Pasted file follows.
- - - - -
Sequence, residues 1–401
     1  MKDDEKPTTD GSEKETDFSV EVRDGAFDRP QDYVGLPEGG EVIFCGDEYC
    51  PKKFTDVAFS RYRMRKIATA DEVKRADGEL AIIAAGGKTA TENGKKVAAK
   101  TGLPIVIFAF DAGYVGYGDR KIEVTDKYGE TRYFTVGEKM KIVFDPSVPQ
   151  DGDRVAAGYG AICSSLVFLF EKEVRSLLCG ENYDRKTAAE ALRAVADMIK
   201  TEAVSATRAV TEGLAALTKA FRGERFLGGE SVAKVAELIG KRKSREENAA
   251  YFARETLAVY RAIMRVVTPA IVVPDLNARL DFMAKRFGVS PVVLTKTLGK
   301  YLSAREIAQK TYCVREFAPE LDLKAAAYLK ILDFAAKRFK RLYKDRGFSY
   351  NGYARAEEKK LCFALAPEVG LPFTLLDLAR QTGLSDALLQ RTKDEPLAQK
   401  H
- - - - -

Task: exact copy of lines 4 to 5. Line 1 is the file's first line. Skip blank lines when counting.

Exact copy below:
   101  TGLPIVIFAF DAGYVGYGDR KIEVTDKYGE TRYFTVGEKM KIVFDPSVPQ
   151  DGDRVAAGYG AICSSLVFLF EKEVRSLLCG ENYDRKTAAE ALRAVADMIK